The Mexican celebration of the dead goes back to the Aztecs, at least, and during the colonial era was grafted onto the Catholic three day festival, or triduum, of Allhallowstide: All Hallow’s Eve (aka Halloween), All Saints Day and All Souls Day. Care of grave sites and genteel remembrance of the dead is practiced during this period in Catholic communities worldwide, but this more pagan, colorful celebration of the dead is distinctly Central and Southern Mexican– yet it is spreading through Anglo culture, especially in the southwest, and I believe it will spread more widely still, rather as the American version of Halloween has spread across the globe.

I believe the Day of the Dead is taking hold because, as I said above, we need a time to remember our dead as individuals, families and communities–and be reminded of the eventuality of our own deaths. In our death denying culture, such thoughts have been considered morbid, even unhealthy, for a long time–but that is changing.

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What we think about when we try not to think about global warming

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In the comments of a recent post, one of our readers recommended this long-titled book: What We Think About When We Try Not To Think About Global Warming: Toward a New Psychology of Climate Action by Per Epsen Stoknes (Chelsea Green).  Of it, she said, “For the first time in a LONG time, I feel hope and possibility when it comes to climate change.”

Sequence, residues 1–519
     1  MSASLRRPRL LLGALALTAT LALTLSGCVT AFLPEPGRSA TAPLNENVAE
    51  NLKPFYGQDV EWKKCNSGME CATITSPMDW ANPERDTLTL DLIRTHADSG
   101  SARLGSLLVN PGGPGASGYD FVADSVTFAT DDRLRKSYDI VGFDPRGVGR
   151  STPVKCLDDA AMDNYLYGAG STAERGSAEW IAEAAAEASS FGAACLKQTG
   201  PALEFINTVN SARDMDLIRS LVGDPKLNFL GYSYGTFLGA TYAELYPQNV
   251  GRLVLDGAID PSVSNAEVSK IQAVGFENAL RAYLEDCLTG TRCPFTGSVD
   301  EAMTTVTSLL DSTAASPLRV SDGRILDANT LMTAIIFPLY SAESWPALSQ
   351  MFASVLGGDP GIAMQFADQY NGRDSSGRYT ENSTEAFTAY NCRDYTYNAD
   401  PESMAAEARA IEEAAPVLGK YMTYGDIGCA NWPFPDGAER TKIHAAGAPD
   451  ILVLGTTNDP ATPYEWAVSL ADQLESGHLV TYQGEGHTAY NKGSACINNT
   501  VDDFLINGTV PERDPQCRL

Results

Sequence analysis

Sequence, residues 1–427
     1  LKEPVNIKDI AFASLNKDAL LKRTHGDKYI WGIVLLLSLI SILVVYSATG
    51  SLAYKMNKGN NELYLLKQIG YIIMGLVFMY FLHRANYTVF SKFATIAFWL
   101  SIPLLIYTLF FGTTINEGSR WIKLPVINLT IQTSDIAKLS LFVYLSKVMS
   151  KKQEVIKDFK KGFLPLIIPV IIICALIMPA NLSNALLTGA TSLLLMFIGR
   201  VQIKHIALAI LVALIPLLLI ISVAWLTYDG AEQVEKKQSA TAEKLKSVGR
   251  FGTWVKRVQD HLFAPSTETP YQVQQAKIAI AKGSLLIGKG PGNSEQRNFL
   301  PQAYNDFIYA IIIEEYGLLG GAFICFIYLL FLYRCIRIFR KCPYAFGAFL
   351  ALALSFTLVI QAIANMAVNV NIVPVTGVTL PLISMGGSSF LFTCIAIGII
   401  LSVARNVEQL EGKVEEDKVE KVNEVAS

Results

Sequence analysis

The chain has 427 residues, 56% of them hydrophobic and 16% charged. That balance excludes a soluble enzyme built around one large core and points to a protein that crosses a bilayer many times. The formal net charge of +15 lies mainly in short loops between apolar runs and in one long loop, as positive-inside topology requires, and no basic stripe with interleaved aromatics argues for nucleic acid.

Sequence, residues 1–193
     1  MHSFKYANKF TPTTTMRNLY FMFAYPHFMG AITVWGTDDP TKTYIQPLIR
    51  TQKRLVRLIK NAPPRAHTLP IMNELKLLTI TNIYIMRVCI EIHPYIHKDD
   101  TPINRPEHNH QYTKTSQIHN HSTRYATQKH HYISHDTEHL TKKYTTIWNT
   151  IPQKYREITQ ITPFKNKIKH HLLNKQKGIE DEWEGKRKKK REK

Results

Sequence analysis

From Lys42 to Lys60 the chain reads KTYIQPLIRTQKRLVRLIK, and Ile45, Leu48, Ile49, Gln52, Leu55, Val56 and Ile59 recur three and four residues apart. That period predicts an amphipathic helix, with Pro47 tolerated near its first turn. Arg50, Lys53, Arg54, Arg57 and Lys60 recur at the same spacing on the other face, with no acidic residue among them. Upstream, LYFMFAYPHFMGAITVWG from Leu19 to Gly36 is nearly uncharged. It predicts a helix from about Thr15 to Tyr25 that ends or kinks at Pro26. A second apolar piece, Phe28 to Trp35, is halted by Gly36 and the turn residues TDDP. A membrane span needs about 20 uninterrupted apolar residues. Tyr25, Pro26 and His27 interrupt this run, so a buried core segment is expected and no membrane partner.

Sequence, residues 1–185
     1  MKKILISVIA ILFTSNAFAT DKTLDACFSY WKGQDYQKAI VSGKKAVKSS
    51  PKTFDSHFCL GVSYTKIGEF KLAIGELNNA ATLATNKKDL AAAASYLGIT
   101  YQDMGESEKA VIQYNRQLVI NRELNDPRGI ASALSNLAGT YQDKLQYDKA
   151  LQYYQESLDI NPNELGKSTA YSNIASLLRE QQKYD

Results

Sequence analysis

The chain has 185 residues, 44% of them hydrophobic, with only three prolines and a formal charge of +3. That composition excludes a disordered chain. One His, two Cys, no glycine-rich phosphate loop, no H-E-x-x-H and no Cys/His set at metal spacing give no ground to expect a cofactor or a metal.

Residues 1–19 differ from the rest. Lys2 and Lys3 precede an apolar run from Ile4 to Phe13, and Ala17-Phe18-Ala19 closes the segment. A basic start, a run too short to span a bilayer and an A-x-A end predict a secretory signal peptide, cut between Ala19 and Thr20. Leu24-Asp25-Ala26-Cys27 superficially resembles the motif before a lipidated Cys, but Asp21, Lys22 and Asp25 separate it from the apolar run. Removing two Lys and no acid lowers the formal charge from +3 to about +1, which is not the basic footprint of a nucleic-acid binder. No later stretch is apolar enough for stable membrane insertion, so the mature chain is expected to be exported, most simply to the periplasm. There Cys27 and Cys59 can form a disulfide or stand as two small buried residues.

So I read it, and now I feel the same way. Thanks, Brigitte!

And the introduction of the book says pretty much the same thing, except the praise is coming from Jorgen Randers, one of the co-authors of The Limits to Growth. This is a man who has been waiting, pretty much fruitlessly, for us to wake up and change our ways for the last 40 years. So in 2011 he gave up on us and wrote 2052: A Global Forecast for the Next 40 Years. It was not, as he said, a description of an attractive future.

He’s a doomer’s doomer, yet in the introduction he says, “This book gave me back the hope I’d lost over forty years of futile struggle.”

So, if Stoknes can help me, Brigitte and Jorgen, maybe he can help you, too.

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When it’s time to remove a tree

I was standing in our friend David’s back yard, talking with him about the difficulties of re-designing your garden. One of them is removing trees and shrubs, not because of the physical labor–though that is considerable–but because of the psychic cost.

David shrugged and said, “I don’t know–when they get to be as tall as me, and I go to take them out, it feels like murder.”

I agree with him. It’s hard. One of the old rules of gardening is that you can’t be afraid to be ruthless in achieving your vision, but one of the realities of gardening is that most of us are not ruthless and often live with less than ideal situations because we don’t want to make those changes. Or we make the changes, but feel bad as we do it.

This dynamic is interesting, because we are told by our culture that we can do whatever we want to nature, because nature is just a pile of insensate matter for us to work our will upon. Fine. But it doesn’t always feel that way, does it? Oh, well…that’s just because we’re foolish and sentimental. Right?